There are signs, though, that the Biden administration and liberals are just enjoying a perhaps temporary detente as the Trump era winds down and before Biden has even occupied the Oval Office. Not all appointments have been without grumbling.
Liberal groups have expressed opposition to the longtime Biden adviser Bruce Reed, possibly running the Office of Management and Budget, an agency charged with producing the administration’s budget. Leftwing congresswomen Alexandria Ocasio-Cortez and Ilhan Omar have signed a petition against Reed, calling him a “deficit hawk” and criticizing his past support for benefit cuts, like social security.
There have also been rumblings that the transition could meet turbulence if Biden decides to install Brian Deese, a former OMB official, at the head of the national economic council. Some of the strongest ire from liberals has been directed at the idea of the former Chicago mayor Rahm Emanuel becoming secretary of transportation.
The constellation of progressive activists and groups that form the left of the party also have preferred candidates. The Progressive Change Campaign Committee and the Bernie Sanders-aligned Our Revolution group want New Mexico congresswoman – and Native American – Deb Haaland to run the Department of the Interior.
The importance of progressives battling with Biden over nominees is that it could complicate his ability to set up a functional cabinet and retain the broad electoral coalition that elevated him to office.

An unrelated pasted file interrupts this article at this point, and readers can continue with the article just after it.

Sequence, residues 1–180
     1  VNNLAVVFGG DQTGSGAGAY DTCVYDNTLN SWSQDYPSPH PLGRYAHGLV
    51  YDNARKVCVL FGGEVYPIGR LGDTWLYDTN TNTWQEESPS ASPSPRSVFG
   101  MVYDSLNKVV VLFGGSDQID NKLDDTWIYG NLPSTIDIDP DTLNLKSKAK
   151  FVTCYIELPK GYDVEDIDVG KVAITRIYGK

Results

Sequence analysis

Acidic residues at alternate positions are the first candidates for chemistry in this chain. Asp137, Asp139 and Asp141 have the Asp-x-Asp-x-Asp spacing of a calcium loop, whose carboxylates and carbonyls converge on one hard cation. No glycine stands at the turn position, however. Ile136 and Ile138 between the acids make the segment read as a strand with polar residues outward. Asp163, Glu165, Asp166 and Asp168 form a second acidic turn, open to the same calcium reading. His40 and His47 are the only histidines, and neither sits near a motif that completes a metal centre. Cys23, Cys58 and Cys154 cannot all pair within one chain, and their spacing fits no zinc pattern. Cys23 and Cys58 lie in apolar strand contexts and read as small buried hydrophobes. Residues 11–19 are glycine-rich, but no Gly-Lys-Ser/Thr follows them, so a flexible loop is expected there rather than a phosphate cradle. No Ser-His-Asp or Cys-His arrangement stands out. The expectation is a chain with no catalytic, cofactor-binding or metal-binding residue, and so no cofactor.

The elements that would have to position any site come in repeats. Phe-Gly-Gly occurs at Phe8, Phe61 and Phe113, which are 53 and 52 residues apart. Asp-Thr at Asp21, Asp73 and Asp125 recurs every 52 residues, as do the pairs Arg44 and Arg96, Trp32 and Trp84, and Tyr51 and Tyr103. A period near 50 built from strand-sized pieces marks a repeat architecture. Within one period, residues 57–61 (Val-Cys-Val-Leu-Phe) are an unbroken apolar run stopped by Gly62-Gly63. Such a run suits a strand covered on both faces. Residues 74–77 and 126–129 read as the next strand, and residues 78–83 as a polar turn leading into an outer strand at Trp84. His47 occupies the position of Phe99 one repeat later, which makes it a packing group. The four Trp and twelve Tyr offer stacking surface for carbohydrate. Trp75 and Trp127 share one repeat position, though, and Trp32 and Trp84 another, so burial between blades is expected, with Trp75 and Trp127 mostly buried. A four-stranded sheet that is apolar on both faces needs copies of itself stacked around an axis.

But the real sticking point to Biden’s choices is likely to be confirming these nominees with a Senate where Democrats either have a slim majority or are still stuck in the minority with Republicans in control. That issue will be decided by two Georgia run-off Senate races that will go to the polls in early January, with both parties pouring huge amounts of cash and manpower into the contests.
“It is a tremendous dark cloud over the personnel process,” said Bill Dauster, a former deputy chief of staff to then Democratic-Senate leader, Harry Reid. Dauster added that “it’s clear from statements Republicans have made that they intend to ration out their Senate confirmations in a stingy way”.
Part of Biden’s argument to placate senators – like Sanders and Warren – who had been angling for influential administration posts is that their current position is essential in the powerful upper chamber of American government.
“We already have significant representation among progressives in our administration,” Biden said in an interview with NBC’s Lester Holt. “One thing is really critical: taking someone out of the Senate, taking someone out of the House – particularly a person of consequence – is a really difficult decision that would have to be made. I have a very ambitious, very progressive agenda. And it’s gonna take really strong leaders in the House and Senate to get it done.”
Justice Democrats shot back that Biden’s picks could have been better, and in that response statement offered a list of non-white male progressives for the remaining cabinet positions.
Biden so far has avoided naming any senator to a cabinet position, and instead prioritized agency experience above all else. Reinforcing that priority, there are signs that Sally Yates, a former acting attorney general, is the heavy favorite to run the Department of Justice. Outgoing Alabama senator Doug Jones, a longtime friend of Biden’s who has kept in contact with him, is another potential candidate, although Yates appears more likely.